Shaw: The other thing is my balance. Lois is pushing me really hard in this show to do more. My stress level is lower because now I don’t have to memorize. I think the stroke had a lot to do with stress. The stress of learning was really hard and almost broke me. What a crazy thing to do with your life!

Weaver: One of the things Peggy often said during RUFF was that doing the show became her physical therapy. We found that performing with older people, they get a greater sense of well-being. There’s something about having to dress up and show up and be seen by people that actually makes you feel better about yourself. We call that Dr. Footlights.

Shaw: You know, one of our most important things as artists is knowing what’s going on. Just pushing ourselves to do shows keeps our brains sharp. Performing gets us in better shape.

Weaver: The other thing that’s come directly from the work on RUFF and the stroke is looking at the ways to use performance to embody care. In RUFF, Peggy immediately invokes the audiences’ participation in a caring relationship. Will you hold this for me? Can you hand me that if I need it? And, of course, I’m in the audience, so if she gets lost I tell her where to go. We started thinking consciously about how to put our own need for care in the work so we’re not putting ourselves at risk by carrying on, but also how to get other people to think more about a caring relationship between spectator, performer, or between each other.

Getting back to Unexploded Ordnances, what are your hopes for this show?

Shaw: Everywhere we go there are different people talking around the table about different lives. And, of course, always with touring, you learn what it’s really like in the world. I feel like already I have learned much more about what reality is rather than what I read what it is. I hope that it has some kind of calmness brought on me. I’ve been thinking a lot about the Trump in me. I find that the longer that Trump is around the softer I get, because I don’t want to be like him. He’s so blustery and such an asshole. Being around my family I used to be very combative. You know, it used to be street style in New York. That’s not so attractive to me anymore. I don’t want to be a bully, so I’m watching myself. He’s an anarchist but not in a thoughtful way. The harshness is so disturbing to me. I feel like I was an anarchist [too] but kinder. I want to be nicer to people rather be than combative and challenging.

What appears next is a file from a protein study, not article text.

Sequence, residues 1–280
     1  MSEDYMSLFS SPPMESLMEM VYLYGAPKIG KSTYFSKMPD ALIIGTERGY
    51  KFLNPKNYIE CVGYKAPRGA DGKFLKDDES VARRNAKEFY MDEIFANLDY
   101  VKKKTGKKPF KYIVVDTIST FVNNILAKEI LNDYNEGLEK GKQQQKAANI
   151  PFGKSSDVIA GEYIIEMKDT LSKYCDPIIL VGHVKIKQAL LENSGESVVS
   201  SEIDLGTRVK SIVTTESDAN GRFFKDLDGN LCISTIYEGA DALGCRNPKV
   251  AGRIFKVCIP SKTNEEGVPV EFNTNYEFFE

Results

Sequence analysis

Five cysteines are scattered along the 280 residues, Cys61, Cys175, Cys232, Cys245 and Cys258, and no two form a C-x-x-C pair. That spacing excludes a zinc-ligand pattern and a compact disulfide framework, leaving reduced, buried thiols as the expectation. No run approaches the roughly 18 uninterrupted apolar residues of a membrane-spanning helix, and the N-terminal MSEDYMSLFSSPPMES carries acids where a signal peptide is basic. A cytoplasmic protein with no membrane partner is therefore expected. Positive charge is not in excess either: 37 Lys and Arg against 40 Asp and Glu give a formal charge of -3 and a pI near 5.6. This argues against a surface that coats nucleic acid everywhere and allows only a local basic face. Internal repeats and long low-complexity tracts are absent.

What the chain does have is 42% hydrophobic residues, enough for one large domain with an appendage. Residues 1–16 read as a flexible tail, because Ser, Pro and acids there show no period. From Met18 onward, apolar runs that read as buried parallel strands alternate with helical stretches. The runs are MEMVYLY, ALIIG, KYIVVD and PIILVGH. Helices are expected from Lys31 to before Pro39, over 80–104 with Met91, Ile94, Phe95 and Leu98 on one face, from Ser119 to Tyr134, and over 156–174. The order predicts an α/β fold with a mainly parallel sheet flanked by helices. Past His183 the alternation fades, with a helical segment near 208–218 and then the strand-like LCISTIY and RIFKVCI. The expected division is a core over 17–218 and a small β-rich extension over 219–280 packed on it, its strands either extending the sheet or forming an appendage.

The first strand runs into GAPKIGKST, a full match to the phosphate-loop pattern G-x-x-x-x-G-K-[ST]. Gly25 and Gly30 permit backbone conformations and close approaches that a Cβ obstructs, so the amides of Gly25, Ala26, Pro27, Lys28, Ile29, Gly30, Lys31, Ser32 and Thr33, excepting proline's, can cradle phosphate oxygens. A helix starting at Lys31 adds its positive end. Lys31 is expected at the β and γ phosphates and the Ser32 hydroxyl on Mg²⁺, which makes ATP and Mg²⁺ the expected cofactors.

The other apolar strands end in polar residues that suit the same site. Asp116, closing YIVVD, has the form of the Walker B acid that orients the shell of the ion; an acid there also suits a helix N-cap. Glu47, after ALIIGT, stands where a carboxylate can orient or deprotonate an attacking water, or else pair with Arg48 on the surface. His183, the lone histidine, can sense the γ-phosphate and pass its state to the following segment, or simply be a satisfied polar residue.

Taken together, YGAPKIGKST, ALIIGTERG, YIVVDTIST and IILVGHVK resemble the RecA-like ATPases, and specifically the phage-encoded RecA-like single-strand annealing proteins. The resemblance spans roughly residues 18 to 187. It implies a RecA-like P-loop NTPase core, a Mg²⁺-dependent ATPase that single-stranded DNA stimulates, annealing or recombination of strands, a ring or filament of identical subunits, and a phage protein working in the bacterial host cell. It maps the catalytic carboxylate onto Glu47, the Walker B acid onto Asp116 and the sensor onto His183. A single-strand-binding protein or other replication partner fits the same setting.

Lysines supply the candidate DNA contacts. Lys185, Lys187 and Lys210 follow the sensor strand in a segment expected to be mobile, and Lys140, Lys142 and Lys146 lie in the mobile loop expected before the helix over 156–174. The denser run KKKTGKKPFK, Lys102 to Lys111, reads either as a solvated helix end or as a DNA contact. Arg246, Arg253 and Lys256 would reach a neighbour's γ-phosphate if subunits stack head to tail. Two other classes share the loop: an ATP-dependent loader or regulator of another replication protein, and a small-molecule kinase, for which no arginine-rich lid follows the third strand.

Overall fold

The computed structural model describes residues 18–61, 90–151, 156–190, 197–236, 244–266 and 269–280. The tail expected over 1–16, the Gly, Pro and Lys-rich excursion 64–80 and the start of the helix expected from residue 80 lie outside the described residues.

Weaver: I’ll remind you of that! With all these public engagements that I do, I guess I hope that more people have a seat at the table. That is really my definition of democracy, and my definition of feminism. So my hope is the people talking to each other, listening to each other: having more of a voice in public that kind of thing. This show is quite a challenge, the biggest we’ve ever done visually. It occupies the most space we’ve ever occupied. It stretches us in terms of what we’re trying to achieve artistically, aesthetically, and politically. It feels a little bit like a flying saucer and I’m driving it—sitting at that table, moderating, and performing. When it starts I feel like, okay, I just hope we land this thing. I feel like I want to take this mothership and let it fly around and land it from place to place.